Physician-Patient Alliance for Health & Safety (PPAHS) is an advocacy group dedicated to improving patient health and safety. PPAHS seeks to advance key patient health and safety initiatives that significantly impact patient lives and to do so in a prescriptive and practical manner by:
- Endorsing and publicizing health expert opinion that is supported by healthcare organizations and medical societies.
- Surveying healthcare professionals to determine current practices and using these responses to encourage improvement.
- Sharing best practices to encourage their spread and adoption.
- Developing safety checklists and advocating for the adoption of standards to help eliminate adverse events.
PPAHS Key Initiatives
PPAHS is engaged in the following key initiatives for improving patient safety and health outcomes (please click on the links below to learn more about each initiative):
Inspiration and Individuals Behind PPAHS
PPAHS and this website is inspired by Howard Snitzer, who survived 96 minutes without a heart beat. Howard’s resuscitation by volunteer paramedics and Dr Roger White at the Mayo Clinic is a truly remarkable story. Moreover, as Howard says, he owes this “fifth shot at living well” to the capnograph which encouraged his rescuers to continue their efforts and, of course, to their persistence and never-give-up attitude.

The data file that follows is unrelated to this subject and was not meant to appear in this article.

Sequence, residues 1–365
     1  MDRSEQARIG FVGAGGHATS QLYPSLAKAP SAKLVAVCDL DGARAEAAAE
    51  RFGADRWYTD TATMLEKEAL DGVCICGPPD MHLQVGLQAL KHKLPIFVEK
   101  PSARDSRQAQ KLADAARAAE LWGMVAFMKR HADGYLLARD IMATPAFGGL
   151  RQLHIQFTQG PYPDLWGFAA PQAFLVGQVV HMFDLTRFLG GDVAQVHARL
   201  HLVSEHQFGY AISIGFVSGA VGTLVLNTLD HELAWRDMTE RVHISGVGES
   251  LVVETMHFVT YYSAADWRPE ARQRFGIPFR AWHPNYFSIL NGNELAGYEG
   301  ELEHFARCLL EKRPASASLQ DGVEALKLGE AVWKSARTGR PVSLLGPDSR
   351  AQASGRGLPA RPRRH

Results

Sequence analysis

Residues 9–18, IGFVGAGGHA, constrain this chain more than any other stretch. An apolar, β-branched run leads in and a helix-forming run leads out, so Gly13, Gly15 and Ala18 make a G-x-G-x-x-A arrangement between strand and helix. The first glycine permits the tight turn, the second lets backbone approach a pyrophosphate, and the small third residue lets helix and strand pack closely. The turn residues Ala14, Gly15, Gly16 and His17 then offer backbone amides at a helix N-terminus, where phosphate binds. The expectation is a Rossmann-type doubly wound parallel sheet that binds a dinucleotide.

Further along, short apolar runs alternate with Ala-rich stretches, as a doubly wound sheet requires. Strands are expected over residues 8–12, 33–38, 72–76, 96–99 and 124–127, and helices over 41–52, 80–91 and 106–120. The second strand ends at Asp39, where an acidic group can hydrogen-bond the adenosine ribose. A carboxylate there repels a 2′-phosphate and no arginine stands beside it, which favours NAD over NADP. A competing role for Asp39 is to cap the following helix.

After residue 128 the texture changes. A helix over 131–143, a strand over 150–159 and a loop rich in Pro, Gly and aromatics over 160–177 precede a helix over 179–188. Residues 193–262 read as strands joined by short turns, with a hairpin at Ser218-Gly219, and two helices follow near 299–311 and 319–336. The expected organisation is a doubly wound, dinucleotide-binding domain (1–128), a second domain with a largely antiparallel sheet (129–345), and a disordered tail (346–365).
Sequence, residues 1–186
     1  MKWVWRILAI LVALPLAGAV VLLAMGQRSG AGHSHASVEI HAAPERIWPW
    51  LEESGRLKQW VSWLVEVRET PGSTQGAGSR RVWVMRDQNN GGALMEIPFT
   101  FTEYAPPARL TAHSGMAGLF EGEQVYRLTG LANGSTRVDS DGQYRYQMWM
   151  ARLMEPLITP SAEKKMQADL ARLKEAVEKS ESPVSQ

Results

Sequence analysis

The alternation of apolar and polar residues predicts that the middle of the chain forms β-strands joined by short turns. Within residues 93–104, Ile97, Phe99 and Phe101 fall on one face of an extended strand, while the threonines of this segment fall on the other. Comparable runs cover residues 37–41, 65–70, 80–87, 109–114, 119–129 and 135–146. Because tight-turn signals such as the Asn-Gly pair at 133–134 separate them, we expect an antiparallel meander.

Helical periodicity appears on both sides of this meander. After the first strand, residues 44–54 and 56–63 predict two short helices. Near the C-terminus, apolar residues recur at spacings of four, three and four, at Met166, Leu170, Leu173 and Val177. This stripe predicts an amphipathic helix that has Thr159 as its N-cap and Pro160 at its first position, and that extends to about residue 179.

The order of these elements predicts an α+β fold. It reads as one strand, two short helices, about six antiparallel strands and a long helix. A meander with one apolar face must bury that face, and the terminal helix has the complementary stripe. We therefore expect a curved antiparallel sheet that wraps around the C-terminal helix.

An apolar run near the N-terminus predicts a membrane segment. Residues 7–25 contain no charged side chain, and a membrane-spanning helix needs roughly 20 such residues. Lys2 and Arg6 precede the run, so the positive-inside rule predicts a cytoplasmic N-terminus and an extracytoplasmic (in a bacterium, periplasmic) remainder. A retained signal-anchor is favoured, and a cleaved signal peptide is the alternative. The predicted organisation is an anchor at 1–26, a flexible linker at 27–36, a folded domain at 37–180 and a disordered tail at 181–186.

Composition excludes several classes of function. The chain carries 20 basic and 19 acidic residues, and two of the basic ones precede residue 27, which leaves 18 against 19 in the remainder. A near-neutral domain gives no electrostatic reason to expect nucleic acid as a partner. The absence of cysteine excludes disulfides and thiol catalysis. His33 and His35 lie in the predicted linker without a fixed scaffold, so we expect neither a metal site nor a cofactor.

Mike Wong built this free WordPress site (yes, free! — thank you, WordPress!). A graduate of Johns Hopkins University, he is currently on the editorial board of the Journal of Patient Compliance, a peer-reviewed journal devoted to improving patient adherence (i.e. getting patients to take their medications as prescribed by their physicians). According to the New England Healthcare Institute, the problem of non-adherence costs as much as $290 billion annually in extra doctor visits, extra hospital admissions, extra emergency room visits, extra prescriptions … and, of course, poorer patient health … all caused by non-adherence.
Mike has been involved in a number of healthcare issues affecting patients and their friends and families — including encouraging smokers to quit in community-driven initiatives, helping pain patients receive physician-recommended treatments, and raising awareness about the dangers of hepatitis B in the Asian American community.
PPAHS very much appreciates the assistance from our board of advisors for helping us with our three key initiatives to improve patient safety and health outcomes — alarm fatigue, blood clots, and patient monitoring.
There is passion and a desire to improve patient safety and health outcomes through technology like capnography that helped save Howard, and more knowledge and expertise like that of Bruce Goodman and Dr Roger White at the Mayo Clinic.
Hopefully, there will be more cases like Howard’s and fewer instances like that of Carly Ann Pritchard. (Ms Pritchard suffered an ankle injury and then underwent surgery to reduce lingering pain from her ankle injury. Unfortunately, although she survived surgery, she suffered brain damage because of an accidental overdose from a morphine-filled pain pump — after surgery. A California appeals court recently upheld a jury’s award of about $9.9 million in damages.)